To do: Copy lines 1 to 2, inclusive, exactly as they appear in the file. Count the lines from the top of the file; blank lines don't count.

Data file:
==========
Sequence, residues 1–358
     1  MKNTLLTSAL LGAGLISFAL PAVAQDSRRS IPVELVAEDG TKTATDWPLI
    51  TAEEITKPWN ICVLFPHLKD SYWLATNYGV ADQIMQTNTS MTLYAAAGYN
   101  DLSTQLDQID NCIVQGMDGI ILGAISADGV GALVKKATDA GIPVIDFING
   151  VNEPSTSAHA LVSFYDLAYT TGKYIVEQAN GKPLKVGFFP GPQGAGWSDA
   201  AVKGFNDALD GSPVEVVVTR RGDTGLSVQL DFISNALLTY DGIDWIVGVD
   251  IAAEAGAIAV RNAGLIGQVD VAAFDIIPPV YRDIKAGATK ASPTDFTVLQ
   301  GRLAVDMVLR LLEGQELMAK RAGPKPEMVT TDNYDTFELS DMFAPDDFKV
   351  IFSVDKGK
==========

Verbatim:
Sequence, residues 1–358
     1  MKNTLLTSAL LGAGLISFAL PAVAQDSRRS IPVELVAEDG TKTATDWPLI